MarginaliaAn easy submission of the prisoners.BEcause our sauiour Christe at his last supper tooke bread, and when he had geuen thankes, he brake it, and gaue it vnto his disciples and sayd: Take, eate,this is my body which is geuē for you, this do in the remembraunce of me: therefore according to the wordes of our sauiour Iesus Christ, we do beleue in the Sacrament, to be Christes body. And likewise he tooke the cuppe, gaue thankes, and gaue it to his disciples and sayde, This is my bloud of the new testament, which is shed for many. Therfore likewise we doe beleue that it is the bloud of Christ, according as Christes church doth minister the same. Vnto the which catholicke church of Christ, we doe in this, like as in all other matters submit our selues, promising therein to lyue as it becommeth good Christen men, and here in this realme to vse our selues, as it becommeth faythfull subiectes vnto our most gracious King and Queene, & to all other superiors both spirituall and temporall, according to our bounden duties.

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The names of them which subscribed to this submission were these, Iohn Atkine,Alyn Symson, 

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Alan Sympson and Helen Ewring had been indicted in 1556 for attending a conventicle outside of Colchester (Essex Record Office, Court Rolls, 122/4).

Richard George, Thomas Firefanne, William Munt, Richard Iolye, Richard Gratwicke, Tho. Wynsley, Richard Rothe, Richard Clerke, Stephen Glouer, Robert Colman, Thomas Merse, William Bongeor, Robert Bercocke, Margeret Hide, Elyn Ewryng, Christiā Pepper, Margaret Feld, Alice Munt, Ioane Winsley, Cysly Warren, Rose Alyn, Anne Whitlocke, George Barker, Iohn Saxbye, Thomas Locker, Alice Locker.

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A story of 5. other godly Martyrs Burned at one fire in Smithfield, the 12. day of Aprill.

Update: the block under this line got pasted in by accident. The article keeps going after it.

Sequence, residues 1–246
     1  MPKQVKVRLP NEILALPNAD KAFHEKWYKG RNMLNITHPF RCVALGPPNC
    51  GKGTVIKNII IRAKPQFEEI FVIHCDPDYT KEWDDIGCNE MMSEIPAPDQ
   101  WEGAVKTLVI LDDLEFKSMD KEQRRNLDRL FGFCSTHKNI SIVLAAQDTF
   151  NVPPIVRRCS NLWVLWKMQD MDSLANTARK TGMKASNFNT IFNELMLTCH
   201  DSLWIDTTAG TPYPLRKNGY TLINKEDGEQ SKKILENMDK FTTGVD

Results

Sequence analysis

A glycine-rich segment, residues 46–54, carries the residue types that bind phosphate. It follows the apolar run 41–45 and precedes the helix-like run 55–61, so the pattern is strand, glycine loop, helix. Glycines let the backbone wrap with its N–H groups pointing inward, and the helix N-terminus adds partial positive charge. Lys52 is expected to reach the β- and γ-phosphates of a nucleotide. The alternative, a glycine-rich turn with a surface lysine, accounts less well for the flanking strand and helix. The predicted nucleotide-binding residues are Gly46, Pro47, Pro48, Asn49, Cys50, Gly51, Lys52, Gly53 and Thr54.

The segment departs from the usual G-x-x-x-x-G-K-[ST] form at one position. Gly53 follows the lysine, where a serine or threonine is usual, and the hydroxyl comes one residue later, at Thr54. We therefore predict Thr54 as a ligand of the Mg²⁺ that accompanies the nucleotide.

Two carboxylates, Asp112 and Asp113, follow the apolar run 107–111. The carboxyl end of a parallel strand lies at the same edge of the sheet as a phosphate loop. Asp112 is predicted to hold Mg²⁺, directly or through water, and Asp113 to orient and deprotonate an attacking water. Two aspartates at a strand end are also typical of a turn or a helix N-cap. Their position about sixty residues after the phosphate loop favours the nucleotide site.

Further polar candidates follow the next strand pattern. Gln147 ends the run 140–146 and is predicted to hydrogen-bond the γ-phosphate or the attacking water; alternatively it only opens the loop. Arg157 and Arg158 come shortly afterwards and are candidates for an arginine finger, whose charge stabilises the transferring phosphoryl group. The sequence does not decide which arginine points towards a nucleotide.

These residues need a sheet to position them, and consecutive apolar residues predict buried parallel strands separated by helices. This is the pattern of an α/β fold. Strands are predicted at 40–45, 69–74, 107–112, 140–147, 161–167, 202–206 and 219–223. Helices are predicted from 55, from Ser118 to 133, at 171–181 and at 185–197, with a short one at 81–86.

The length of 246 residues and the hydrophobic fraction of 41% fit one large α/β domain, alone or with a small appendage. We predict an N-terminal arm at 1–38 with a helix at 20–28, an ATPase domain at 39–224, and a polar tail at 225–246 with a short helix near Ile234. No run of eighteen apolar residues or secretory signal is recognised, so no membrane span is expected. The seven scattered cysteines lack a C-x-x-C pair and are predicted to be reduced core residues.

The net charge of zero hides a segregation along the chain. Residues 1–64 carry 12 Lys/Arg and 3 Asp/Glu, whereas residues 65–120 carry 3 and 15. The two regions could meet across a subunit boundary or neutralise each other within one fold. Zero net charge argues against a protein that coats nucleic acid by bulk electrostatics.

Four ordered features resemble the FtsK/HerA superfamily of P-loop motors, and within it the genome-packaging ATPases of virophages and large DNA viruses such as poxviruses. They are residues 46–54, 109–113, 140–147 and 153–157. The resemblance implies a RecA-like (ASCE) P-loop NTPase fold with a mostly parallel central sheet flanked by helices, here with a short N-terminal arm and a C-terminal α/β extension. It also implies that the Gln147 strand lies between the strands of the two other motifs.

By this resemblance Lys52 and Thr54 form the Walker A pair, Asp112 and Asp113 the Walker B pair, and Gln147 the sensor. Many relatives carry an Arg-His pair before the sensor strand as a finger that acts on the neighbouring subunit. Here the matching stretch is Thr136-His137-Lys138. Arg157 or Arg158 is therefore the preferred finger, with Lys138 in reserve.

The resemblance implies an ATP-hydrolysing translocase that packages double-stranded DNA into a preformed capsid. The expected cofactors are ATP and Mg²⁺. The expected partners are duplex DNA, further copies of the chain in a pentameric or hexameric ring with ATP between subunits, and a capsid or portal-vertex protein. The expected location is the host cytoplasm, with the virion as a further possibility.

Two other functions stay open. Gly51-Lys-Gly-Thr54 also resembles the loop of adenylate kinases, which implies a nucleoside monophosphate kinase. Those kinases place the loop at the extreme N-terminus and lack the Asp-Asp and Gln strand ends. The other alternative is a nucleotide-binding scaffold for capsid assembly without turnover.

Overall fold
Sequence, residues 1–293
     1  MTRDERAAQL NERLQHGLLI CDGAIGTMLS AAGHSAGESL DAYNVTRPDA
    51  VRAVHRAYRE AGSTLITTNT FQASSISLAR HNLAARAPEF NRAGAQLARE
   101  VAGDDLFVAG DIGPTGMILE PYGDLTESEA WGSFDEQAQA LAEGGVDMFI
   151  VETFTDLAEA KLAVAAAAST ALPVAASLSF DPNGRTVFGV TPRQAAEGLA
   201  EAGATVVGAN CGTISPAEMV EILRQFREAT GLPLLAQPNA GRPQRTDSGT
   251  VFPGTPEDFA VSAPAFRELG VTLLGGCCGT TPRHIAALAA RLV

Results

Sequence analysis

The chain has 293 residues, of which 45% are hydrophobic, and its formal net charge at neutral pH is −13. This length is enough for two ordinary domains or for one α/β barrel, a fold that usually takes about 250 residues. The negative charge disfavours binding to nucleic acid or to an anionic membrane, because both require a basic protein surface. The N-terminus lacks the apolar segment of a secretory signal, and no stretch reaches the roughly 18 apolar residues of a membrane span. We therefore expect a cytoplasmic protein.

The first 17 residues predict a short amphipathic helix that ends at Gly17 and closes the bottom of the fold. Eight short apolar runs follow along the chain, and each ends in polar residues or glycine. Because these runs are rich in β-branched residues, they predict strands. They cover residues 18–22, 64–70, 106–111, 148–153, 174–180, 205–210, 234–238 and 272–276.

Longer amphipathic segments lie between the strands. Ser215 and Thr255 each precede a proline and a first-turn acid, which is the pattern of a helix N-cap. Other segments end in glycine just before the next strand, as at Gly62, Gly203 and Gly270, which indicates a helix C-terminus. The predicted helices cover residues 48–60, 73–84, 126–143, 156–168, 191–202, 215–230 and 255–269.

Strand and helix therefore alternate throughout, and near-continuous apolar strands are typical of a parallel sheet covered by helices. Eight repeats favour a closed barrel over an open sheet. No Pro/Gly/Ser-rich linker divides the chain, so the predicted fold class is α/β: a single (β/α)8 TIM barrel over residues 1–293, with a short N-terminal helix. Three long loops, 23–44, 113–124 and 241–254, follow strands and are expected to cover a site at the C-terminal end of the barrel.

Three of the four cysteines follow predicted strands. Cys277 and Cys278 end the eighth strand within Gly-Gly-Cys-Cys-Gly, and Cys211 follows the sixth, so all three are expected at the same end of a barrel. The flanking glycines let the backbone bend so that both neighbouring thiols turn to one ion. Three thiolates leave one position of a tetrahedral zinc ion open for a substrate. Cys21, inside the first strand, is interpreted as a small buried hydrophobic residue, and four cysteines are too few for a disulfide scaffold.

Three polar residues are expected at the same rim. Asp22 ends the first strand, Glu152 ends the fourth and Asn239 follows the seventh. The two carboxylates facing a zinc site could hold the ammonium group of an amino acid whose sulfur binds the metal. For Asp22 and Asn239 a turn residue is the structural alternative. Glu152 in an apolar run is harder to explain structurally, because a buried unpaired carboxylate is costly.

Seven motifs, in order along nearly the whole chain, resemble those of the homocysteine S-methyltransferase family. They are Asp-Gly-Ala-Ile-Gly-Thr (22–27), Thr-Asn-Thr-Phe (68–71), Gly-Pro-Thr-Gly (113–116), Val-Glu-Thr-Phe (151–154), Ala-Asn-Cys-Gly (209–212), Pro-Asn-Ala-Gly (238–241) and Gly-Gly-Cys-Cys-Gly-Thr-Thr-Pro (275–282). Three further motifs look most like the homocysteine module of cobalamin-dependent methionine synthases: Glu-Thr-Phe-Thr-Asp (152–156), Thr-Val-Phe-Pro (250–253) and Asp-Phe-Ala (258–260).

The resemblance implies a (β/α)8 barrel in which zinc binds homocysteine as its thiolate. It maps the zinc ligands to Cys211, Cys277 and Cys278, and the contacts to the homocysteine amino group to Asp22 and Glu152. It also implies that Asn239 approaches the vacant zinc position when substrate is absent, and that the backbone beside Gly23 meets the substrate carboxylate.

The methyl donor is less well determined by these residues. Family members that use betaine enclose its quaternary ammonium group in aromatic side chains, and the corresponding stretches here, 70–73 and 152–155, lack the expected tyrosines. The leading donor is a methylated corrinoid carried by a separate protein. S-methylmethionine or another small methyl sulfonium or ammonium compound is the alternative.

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Five Burned at Smithfield

This complete account first appeared in the 1563 edition and was based on the records of the London diocese. The opening passages of this account were deleted from the 1570 edition, otherwise this account was unchanged.

MarginaliaAprill. 12.TO procede further in this story of persecuted Martyrs, next in order folow fiue other burned at London in Smithfield in the foresayd yeare of the Lord 1557. Aprill 12. whose names were these. MarginaliaV. Martyrs.

Thomas Loseby.
Henry Ramsey.
Thomas Thyrtell.
Margaret Hyde, and
Agnes Stanley.

Who being, some by the Lord Rich, some by other Iustices of peace, and Constables (theyr owne neyghbours) at the first accused, & apprehended for not comming to theyr parishe churches, were in the ende sent vnto Boner Bishop of London, and by his commaundement the xxvij. day of Ianuary, were examined before Doctor Darbyshyre, then Chaūcellour to the said Bishop, vpon the former generall articles mencioned, Pag. 2015. MarginaliaTouching these articles, read before pag. 2015.

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¶ Aunswers to the Articles.

MarginaliaTheir aunsweres to the articles.WHose aunswers thereunto were, that as they confessed there was one true and catholicke church, wherof they stedfastly beleued, and thought the church of Rome to be no part or member: so in þe same church they beleued there were but two sacramentes, MarginaliaTwo Sacramentes only.that is to say: baptisme, and the supper of the Lord. Howbeit, some of thē attributed þe title & honour of a Sacramēt, to þe holy estate of matrimony, which vndoubtedly was done rather of simple ignoraunce then of any willfull opinion, and are thereof to be adiudged as before is admonyshed.

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Moreouer, they acknowledged themselues to be baptised into the fayth of that true church, as in the thyrd article is specified. And here in reading, as well of these articles, 

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What follows is a good statement of Foxe's distrust of official records as a source.

as also of the rest, marke I besech you, the